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Global Polio Eradication Initiative (GPEI): Future Perspectives and Need for a New Generation of Inactivated Poliovirus Vaccine

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More than two decade-old Global Polio Eradication Initiative (GPEI) has finally tasted success and wild poliovirus is now on the verge of eradication. The pre-eradication era was full of challenges and a great learning experience for all those involved with this tedious process. Many new phenomena emerged and new information about poliovirus learned during this campaign. Many new developments such as vaccine-derived polioviruses (VDPVs) were not anticipated and resulted in serious thinking regarding post-eradication vaccine policy. As a result, the post-eradication era is going to be even more complex, more uncertain and complicated than the pre-eradication era. There are many issues that warrant urgent attention not only by the perpetrators of GPEI but by the individual member country. There is almost unanimity that continuous post-eradication use of oral polio vaccine (OPV) is incompatible with the eradication, hence, OPV will need to be discontinued. However, there is utter confusion on the face of future polio immunization after eradication. Few of the most contentious issues of immediate post-eradication era are how to safely stop and withdraw OPV usage world-wide and whether universal inactivated poliovirus vaccine (IPV) be used or not, especially in developing countries. Although both OPV and IPV have proven highly effective in the past, neither the live nor the current IPV are optimal for use in the post-eradication setting. Therefore, rigorous efforts are urgently needed to develop a new generation of inactivated vaccine that is risk-free and affordable and can be produced even in developing country setup. This review provides an insight to the all the issues related to post-eradication era and also discusses briefly the need of having a third generation IPV.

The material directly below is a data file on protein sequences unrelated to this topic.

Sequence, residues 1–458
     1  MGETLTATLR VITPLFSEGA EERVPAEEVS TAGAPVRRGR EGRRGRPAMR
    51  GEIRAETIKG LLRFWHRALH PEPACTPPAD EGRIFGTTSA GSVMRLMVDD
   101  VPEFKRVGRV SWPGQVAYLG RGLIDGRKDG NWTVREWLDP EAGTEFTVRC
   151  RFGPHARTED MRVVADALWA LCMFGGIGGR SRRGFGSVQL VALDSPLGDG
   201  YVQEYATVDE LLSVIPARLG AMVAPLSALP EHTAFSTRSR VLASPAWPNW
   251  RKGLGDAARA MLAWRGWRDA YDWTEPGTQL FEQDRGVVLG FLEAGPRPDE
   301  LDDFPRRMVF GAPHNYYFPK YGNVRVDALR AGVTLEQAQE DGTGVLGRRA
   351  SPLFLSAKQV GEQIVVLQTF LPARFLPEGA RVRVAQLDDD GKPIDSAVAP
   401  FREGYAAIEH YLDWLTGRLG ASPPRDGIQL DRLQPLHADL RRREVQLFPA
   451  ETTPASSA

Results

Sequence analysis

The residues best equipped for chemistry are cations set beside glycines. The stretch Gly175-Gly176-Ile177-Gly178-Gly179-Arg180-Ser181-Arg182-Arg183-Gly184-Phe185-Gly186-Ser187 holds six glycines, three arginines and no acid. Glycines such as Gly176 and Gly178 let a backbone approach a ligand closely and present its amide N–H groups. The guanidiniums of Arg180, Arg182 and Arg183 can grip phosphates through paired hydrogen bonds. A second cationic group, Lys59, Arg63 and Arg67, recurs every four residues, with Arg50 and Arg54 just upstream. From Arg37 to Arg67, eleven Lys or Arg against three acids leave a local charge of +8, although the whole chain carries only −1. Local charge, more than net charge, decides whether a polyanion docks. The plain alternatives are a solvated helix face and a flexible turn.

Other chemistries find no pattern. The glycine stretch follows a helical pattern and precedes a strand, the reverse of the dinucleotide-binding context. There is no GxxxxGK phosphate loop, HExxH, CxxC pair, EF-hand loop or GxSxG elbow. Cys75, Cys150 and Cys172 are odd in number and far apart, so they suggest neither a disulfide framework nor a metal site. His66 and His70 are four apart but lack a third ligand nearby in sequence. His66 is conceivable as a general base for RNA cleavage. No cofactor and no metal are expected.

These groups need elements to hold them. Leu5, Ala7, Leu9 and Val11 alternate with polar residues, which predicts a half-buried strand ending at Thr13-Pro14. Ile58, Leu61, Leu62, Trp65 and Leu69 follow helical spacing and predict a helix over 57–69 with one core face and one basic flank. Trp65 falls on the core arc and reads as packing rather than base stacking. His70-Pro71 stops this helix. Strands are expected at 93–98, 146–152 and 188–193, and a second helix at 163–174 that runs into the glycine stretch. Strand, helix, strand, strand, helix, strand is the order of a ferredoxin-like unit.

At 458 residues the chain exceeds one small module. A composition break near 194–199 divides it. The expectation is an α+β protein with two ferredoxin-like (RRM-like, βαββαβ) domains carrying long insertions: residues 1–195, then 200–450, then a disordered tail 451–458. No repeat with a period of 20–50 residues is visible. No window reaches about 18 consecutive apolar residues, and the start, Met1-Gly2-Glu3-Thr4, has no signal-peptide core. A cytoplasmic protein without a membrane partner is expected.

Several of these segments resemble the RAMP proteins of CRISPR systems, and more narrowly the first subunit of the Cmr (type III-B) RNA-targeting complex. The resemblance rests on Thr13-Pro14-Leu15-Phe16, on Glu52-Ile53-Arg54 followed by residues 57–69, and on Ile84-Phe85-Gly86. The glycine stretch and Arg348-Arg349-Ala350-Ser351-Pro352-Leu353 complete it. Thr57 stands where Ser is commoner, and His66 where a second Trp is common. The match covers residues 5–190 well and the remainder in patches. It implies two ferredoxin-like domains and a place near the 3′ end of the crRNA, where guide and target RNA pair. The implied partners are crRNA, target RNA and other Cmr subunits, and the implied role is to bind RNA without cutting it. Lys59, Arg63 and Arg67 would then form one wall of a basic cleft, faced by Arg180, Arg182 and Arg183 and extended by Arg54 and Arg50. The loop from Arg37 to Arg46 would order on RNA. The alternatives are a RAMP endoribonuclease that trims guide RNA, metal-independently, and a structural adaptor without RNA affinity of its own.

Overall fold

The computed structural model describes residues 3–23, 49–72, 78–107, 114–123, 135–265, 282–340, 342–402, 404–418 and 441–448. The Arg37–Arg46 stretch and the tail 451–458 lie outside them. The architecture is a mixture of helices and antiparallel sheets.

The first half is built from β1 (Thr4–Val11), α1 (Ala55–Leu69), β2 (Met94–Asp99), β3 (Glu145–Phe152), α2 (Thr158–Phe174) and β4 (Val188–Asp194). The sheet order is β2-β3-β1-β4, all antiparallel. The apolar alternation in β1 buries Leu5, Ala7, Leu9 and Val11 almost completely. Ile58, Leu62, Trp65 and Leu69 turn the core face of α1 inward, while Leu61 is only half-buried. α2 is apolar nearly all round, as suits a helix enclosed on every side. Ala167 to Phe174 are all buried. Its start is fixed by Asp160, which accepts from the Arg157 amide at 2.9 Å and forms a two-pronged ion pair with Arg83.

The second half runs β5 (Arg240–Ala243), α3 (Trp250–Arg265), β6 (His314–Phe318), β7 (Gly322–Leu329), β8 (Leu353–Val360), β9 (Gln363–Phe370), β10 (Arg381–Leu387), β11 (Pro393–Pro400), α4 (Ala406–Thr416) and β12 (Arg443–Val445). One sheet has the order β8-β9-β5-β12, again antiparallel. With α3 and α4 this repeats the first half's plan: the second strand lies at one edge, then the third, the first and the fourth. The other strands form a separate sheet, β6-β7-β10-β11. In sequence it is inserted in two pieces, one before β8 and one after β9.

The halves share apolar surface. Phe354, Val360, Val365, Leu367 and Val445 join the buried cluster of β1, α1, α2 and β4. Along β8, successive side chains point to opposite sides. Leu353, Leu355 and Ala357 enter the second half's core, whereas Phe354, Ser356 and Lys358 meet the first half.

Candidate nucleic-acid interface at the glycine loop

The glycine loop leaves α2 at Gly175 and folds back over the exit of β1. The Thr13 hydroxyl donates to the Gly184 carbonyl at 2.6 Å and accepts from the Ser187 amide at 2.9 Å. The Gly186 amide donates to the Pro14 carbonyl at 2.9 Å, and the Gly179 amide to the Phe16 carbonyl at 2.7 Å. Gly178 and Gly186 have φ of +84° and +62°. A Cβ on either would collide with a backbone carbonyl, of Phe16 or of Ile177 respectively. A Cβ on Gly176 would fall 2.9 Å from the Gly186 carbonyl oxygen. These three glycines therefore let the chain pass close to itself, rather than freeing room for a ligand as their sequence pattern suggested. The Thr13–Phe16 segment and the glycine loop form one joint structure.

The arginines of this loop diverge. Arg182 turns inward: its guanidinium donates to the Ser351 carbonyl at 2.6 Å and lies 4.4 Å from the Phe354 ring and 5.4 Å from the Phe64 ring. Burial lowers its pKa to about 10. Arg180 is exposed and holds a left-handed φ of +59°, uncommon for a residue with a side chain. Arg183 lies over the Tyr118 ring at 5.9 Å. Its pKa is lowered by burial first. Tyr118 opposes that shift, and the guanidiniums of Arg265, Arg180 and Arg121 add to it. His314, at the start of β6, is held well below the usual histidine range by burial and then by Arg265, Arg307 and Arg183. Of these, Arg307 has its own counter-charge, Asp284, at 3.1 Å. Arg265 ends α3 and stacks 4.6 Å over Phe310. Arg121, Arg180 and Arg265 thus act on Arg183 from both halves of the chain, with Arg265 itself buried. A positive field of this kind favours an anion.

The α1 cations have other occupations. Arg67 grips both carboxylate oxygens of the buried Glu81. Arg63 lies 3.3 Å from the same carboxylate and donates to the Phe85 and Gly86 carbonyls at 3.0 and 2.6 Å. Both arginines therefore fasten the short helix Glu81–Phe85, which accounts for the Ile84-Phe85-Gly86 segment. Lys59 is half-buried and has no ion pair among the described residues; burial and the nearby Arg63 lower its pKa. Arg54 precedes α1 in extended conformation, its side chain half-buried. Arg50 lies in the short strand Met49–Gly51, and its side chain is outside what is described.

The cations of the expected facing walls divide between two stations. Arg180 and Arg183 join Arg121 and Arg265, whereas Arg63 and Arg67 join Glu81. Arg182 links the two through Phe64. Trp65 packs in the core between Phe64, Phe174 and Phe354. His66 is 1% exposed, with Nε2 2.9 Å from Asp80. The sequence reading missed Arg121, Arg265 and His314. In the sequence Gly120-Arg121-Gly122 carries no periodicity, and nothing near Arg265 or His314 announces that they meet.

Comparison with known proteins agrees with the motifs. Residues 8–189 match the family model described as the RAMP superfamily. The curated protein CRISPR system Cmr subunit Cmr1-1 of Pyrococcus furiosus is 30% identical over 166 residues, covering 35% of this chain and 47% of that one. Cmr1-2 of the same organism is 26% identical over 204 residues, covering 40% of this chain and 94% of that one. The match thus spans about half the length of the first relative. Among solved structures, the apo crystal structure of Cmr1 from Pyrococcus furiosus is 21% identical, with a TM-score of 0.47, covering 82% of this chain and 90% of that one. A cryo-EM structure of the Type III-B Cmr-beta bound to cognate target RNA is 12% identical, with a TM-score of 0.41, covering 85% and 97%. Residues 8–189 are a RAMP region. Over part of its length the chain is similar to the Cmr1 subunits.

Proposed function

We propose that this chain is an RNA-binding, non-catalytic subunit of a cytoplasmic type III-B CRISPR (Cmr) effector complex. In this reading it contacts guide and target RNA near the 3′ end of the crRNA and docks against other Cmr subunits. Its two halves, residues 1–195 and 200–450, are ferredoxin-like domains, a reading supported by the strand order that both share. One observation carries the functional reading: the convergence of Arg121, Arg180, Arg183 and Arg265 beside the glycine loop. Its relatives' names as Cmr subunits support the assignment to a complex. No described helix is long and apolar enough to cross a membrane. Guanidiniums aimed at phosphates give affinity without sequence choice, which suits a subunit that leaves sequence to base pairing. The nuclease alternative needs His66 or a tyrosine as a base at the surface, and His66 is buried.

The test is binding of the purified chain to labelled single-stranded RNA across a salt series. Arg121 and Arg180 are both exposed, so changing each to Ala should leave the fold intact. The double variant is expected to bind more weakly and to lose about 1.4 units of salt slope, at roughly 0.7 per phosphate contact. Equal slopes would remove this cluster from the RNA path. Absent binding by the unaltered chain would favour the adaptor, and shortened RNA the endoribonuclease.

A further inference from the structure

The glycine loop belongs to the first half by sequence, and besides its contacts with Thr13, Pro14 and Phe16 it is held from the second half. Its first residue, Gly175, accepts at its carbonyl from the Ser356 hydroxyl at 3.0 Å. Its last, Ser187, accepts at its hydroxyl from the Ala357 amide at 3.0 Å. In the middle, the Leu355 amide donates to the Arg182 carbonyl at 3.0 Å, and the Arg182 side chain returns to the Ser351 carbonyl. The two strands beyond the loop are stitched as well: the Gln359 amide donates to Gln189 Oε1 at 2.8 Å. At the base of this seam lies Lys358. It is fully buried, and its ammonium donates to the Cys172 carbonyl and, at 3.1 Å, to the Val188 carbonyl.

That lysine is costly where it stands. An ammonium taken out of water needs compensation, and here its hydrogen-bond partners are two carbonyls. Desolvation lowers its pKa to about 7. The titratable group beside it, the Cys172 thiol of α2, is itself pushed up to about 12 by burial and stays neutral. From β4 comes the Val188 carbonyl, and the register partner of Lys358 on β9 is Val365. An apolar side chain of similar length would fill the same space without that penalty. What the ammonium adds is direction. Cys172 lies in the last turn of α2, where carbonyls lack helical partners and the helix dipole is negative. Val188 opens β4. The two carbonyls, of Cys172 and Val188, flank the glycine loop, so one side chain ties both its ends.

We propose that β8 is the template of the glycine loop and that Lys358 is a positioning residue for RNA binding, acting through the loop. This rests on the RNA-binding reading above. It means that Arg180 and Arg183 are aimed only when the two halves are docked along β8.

Polio eradication, post-eradication era, inactivated poliovirus vaccine

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